Why do we need a new community development organization? | Jenifer Acosta
Two years ago I was in Detroit, sitting in a leadership program dedicated to responsible land use and community leadership. A panelist dropped a simple sentence, “When Detroit’s renaissance began there were 4 community development organizations, now there are 16, each dedicated to the priorities of the neighborhoods they serve.” Immediately, I began to think how this collaboration and advocacy has been the true catalyst driving Detroit. You cannot change anyone, let alone a group or community, that isn’t ready or doesn’t find value in what you’re offering. As the city saw growth in some neighborhoods, others with different needs and goals banded together in pursuit of their own progress.
As the panelists continued and rotated, Cari Easterday took the floor and talked about Midtown Detroit, and how their organization helps small business owners, difficult development projects, and advocates for the financing to make them a reality (side note: Cari is genius and I hope to be half the finance guru she is). When I was working on the capital stack to save the Crapo Building from demolition, I put in grueling hours and took on meeting after meeting with anyone and everyone who would listen. I remember cold calling Community Development Financial Institutions asking if they had any new market allocations and a soft spot for historic buildings in small towns. I felt like such an underdog and vowed that if I grew into the leader I wanted to be, I would make sure to find paths and advocate for others to build their capacity to make a positive impact.
Now, I hear NO a lot..... A LOT.
When I started talking about the concept of a Community Development Organization (CDO) to serve the Great Lakes Bay Region, I heard a lot more interest from colleagues and questions of how it would work and benefit us. The group of incredible professionals who have given their free time and energy to this organization showcases how ready our region is for positive change and collaboration.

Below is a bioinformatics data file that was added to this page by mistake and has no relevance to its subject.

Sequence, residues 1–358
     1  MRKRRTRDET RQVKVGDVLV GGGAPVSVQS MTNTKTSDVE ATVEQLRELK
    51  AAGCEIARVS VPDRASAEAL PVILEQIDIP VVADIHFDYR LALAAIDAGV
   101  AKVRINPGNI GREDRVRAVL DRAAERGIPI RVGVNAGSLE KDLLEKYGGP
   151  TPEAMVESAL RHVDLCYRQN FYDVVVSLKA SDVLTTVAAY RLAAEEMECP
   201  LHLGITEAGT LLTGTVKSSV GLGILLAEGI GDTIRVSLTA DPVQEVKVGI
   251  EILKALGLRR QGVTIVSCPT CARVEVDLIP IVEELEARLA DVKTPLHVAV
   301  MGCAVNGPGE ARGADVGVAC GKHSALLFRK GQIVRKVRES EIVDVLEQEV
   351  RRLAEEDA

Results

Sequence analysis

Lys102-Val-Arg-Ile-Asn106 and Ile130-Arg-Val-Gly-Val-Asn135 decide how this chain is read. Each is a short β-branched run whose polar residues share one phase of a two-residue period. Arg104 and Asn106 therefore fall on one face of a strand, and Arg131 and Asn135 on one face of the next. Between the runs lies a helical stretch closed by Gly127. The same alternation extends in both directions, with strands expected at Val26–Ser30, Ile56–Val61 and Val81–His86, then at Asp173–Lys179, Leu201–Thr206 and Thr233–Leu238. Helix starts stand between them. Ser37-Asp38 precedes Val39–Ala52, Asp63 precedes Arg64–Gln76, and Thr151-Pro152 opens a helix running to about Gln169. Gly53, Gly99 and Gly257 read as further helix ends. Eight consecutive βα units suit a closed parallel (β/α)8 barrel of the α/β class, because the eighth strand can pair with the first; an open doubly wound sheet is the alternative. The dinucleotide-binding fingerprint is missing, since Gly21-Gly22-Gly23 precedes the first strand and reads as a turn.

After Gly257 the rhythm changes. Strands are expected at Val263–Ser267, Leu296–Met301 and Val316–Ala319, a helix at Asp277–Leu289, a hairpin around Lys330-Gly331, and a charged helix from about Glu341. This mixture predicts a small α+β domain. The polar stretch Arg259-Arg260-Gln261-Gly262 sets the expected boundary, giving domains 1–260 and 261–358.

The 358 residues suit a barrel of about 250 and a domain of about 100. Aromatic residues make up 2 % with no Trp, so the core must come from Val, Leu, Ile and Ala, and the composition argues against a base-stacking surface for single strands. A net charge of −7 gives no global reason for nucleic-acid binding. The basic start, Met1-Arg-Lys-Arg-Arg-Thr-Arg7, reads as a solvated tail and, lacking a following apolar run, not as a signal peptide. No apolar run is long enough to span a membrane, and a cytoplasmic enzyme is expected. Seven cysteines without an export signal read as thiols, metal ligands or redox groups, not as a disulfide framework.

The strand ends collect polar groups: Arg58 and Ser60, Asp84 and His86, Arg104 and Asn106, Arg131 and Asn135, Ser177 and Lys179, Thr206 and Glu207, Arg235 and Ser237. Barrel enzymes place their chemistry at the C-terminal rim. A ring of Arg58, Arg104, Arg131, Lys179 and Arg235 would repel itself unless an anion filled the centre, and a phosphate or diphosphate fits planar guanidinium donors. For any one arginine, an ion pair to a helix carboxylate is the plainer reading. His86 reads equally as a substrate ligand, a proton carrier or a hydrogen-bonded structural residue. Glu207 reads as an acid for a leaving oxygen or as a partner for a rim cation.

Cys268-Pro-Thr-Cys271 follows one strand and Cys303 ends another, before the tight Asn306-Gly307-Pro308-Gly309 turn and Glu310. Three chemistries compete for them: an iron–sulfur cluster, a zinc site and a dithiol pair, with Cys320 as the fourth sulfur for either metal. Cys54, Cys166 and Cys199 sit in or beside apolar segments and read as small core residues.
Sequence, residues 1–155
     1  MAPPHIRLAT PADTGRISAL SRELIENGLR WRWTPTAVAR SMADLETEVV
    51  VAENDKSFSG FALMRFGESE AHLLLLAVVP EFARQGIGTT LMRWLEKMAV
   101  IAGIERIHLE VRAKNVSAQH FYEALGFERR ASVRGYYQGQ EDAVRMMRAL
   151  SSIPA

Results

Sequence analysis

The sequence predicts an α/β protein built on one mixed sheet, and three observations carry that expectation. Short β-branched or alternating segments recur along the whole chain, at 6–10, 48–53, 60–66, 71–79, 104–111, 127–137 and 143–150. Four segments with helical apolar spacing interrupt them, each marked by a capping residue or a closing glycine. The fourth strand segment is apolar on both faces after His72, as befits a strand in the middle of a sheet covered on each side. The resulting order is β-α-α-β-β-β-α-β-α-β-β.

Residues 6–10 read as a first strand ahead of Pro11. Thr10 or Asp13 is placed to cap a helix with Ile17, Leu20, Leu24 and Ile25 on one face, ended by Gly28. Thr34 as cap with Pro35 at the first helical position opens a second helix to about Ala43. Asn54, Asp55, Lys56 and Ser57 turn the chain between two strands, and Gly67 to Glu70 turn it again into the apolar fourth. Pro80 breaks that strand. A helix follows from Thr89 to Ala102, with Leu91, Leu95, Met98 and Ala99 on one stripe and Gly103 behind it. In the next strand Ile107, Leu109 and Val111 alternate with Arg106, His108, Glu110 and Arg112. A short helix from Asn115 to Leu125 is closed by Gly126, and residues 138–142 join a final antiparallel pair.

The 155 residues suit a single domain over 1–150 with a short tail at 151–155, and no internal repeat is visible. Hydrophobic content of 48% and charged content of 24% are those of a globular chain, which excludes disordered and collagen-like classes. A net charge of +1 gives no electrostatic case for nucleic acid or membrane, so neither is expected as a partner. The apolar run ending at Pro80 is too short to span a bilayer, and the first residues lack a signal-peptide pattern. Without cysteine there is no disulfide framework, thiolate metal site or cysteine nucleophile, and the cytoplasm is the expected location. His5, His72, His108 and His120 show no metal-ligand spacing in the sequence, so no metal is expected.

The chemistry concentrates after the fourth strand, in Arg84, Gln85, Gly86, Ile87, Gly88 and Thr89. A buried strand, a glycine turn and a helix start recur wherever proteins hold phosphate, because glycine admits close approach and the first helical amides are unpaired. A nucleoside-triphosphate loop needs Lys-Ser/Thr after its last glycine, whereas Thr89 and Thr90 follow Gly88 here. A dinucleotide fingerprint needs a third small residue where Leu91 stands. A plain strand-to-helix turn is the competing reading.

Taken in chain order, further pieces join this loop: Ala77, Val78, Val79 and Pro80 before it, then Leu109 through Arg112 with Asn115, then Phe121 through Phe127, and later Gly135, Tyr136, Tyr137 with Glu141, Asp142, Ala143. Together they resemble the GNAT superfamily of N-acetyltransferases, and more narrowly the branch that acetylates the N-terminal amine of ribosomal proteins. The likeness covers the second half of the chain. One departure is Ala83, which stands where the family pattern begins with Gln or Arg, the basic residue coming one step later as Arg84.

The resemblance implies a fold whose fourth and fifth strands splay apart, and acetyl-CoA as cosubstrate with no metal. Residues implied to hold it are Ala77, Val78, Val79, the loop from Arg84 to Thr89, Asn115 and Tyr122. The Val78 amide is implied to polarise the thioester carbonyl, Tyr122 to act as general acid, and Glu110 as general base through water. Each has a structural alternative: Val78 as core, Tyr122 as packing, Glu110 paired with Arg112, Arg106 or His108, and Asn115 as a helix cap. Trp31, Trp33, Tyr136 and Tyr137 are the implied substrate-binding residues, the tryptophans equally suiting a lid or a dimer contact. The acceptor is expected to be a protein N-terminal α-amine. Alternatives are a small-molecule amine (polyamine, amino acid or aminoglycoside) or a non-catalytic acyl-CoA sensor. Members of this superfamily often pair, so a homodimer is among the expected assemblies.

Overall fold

Here’s my “why”:
Competition: Community development requires a lot of public-private partnerships. If you aren’t as strong or capable as other communities across the state, those other communities will gladly take and execute projects with state, federal, and foundation dollars. Here’s the thing, these groups want to invest and help our region but if we can’t prove our ability to execute and innovate they aren’t going to take the risk. I don’t blame them.
Advocacy and collaboration is the basis for correcting this gap. We can build up one another. Advocate for ventures and plans. Strengthen new ventures and have a solid network of advocates who have offered guidance. If we cooperate locally and compete at a higher platform, we all win.
Talent: Every city and company is in need of professionals to fill their employment vacancies. Talented professionals want place. If we can create great places in our communities, it makes it easier for our companies to attract talent. More people and more places inside our downtowns, midtowns and cities across the region help to rebuild and stabilize our municipalities’ tax base.
Every project I’ve worked on, our teams proudly hire local companies as often as possible. This goes far beyond construction. We use local accountants, lawyers, realtors, graphic designers, interior designers, product suppliers, architects, and engineers. This accounts for millions of dollars in local investment. Having a steady stream of work and demand will help local and statewide companies choose to open offices in our communities. They will invest in employees and reinvest to broaden their skills. I want my law firm to have a need to train younger associates in these fields rather than expect us to hire firms in Detroit and Grand Rapids. I want the fees to go to my friends and stay here. I want them to spend it at local boutiques and restaurants.
Capital Flight: Did you know that a good amount of the money earned here in our region, gets invested elsewhere? People make good money here but they don’t consider our region a safe bet. I serve on boards with property owners who invest money in out of state properties and refuse to put a dime into the buildings they own around the corner. It’s easier to buy stocks or invest in a REIT that puts your money to work for you elsewhere. What if you had the option to make as good of return, or maybe more, while making a difference in your neighborhood instead?
These are some sizable motivators and progress doesn’t occur quickly, but we’ve designed a lean organization dedicated to overcoming these issues and more. We hope to continue making great community development so that our region as a whole can do well for itself by doing more good in our neighborhoods.